Recently though, having observed so much change in the area, I’ve begun to wonder what the South Hams might be like in ten or twenty years time, in particular if the towns and villages will still be year round communities, or will the area simply amount to a collection of charming resorts.
These thoughts have been developing as I now consider my children’s futures, and I wonder what the South Hams might be like for them as a home when raising their own children. My decision to finally write on this subject came about following on from a conversation this week with a nice couple currently living in Bigbury-on-Sea. As we enjoyed the spectacular vista from their garden, which boasts uninterrupted views toward Burgh Island, they informed me they had actually sold the property to an investor from London. As the conversation continued I was saddened to learn that ten years ago, they enjoyed good relations with eight neighbours on their road, however once they leave there will be just two full-time residents remaining, and they were of the understanding one of these is also contemplating leaving. The properties it seems are now priced well out of the reach of local families, and are being snapped up as holiday let investments. Indeed this is something that has been going on for some time in the likes of Salcombe, Dartmouth and Hope Cove.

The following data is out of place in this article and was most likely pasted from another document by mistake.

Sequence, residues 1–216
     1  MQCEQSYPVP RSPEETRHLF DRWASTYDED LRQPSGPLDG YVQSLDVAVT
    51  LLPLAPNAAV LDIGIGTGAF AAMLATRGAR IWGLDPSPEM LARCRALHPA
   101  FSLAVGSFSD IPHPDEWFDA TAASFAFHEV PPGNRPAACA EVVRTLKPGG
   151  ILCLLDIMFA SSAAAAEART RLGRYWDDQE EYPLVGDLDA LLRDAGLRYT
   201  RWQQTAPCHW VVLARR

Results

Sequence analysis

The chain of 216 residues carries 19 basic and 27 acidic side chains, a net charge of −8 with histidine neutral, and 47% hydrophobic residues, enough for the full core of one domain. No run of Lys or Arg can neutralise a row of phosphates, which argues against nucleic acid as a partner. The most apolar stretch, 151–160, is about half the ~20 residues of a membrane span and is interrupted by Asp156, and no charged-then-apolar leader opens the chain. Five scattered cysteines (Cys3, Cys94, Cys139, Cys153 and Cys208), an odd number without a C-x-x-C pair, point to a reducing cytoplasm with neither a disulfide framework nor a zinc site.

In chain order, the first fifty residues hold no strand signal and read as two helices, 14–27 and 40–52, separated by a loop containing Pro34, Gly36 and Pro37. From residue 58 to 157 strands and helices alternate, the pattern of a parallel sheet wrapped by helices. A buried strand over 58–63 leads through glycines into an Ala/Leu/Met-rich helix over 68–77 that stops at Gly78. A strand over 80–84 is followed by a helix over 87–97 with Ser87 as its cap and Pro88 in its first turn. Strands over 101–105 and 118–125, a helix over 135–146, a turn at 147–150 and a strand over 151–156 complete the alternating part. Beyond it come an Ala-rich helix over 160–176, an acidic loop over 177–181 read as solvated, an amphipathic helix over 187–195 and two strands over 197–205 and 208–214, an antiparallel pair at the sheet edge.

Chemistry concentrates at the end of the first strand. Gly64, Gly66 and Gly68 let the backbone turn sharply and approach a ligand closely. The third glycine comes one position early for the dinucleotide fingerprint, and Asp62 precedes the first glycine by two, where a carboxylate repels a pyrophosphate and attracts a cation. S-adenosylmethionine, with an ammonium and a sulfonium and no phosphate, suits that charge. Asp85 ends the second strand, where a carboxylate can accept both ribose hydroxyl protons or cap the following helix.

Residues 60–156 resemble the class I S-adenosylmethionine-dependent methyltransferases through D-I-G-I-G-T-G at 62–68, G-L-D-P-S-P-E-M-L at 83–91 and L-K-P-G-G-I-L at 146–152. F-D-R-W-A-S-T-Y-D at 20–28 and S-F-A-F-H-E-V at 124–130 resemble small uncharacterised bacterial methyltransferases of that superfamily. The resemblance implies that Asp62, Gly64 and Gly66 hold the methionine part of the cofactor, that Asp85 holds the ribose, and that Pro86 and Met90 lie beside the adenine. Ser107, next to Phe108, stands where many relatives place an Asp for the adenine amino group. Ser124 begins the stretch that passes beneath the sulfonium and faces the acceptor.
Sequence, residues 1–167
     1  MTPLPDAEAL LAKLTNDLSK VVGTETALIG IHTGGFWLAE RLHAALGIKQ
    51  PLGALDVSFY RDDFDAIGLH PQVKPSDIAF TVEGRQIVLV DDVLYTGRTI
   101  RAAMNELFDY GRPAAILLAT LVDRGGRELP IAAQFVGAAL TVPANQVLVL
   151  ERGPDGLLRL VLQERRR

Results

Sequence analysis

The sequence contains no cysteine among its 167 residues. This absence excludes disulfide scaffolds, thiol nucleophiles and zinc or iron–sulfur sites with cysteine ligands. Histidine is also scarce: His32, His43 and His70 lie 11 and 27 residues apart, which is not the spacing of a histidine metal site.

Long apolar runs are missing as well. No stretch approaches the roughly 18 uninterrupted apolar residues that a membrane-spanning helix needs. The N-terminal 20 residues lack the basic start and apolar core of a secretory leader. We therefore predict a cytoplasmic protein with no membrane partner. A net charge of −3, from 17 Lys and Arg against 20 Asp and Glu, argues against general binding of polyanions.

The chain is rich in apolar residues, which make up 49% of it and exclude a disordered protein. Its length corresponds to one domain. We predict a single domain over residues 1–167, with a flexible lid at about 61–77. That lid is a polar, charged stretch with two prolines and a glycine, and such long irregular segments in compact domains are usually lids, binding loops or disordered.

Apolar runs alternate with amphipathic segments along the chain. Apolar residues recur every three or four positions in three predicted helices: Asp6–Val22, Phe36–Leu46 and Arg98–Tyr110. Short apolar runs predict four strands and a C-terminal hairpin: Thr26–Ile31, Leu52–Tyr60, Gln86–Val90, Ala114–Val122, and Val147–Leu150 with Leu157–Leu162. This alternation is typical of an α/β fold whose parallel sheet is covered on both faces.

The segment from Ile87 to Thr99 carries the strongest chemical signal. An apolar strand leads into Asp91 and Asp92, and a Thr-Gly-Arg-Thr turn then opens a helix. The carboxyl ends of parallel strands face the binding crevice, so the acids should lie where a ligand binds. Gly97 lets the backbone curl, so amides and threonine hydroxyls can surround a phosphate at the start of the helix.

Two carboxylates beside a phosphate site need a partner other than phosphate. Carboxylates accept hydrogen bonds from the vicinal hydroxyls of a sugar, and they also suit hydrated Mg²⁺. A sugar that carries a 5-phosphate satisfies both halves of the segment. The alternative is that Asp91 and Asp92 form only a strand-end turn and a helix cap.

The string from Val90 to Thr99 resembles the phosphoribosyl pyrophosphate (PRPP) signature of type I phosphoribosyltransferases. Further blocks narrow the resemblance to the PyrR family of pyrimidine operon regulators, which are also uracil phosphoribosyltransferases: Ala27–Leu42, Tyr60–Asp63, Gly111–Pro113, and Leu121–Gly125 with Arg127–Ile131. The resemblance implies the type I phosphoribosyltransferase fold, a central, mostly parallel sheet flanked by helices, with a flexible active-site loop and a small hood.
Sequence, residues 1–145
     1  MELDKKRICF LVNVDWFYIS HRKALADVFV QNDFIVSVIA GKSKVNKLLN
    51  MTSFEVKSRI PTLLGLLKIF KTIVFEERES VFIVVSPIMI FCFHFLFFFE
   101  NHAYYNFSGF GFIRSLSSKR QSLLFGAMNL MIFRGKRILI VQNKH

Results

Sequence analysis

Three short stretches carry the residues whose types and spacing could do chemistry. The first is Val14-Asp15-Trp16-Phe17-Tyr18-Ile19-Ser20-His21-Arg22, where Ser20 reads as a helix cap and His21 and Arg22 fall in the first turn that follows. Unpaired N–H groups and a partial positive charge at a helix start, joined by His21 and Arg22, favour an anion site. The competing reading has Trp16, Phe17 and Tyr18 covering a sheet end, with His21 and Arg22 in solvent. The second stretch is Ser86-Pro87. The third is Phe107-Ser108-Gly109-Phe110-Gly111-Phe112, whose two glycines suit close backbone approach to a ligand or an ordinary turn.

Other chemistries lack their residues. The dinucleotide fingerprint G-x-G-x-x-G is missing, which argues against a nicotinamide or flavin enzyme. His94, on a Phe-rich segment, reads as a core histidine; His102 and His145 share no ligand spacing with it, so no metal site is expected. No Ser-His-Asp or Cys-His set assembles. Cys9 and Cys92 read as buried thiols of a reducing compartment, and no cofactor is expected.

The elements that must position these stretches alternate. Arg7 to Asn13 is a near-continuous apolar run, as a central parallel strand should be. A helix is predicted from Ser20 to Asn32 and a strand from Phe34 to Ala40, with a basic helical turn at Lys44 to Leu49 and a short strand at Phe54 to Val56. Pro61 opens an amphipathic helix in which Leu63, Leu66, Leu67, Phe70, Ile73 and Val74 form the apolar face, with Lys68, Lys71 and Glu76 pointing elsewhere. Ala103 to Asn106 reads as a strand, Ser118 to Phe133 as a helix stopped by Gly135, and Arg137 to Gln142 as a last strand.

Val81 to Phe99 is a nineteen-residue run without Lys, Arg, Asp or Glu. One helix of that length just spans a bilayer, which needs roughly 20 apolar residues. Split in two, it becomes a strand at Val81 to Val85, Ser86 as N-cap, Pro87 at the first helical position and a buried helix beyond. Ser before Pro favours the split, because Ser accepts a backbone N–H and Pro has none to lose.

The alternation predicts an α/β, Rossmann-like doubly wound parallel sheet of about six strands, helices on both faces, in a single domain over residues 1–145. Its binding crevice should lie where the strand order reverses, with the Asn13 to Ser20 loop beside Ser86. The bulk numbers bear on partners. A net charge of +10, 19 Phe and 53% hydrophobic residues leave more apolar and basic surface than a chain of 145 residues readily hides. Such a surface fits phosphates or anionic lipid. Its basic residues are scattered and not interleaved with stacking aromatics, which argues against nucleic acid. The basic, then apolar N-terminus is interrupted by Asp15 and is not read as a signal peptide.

The evidence of even towns become unsustainable all year round was evident to me on a wet Friday afternoon while walking around doing a bit of shopping in Dartmouth for the first time in a while. I was surprised by the sheer number of businesses not open. This is likely to be repeated in Kingsbridge too with the more ‘useful’ shops already being replaced by seasonal ice cream parlours etc.
Now I’m absolutely for the South Hams playing to its strengths in terms of being a holiday destination, and exploiting the leisure opportunities afforded to it. However, I can’t help but feel that its towns and villages, particularly those located on the coast, are already without any real community behind them, indeed without intervention, parts of the South Hams could easily complete the transformation into resorts, and not be a viable place to live all year round.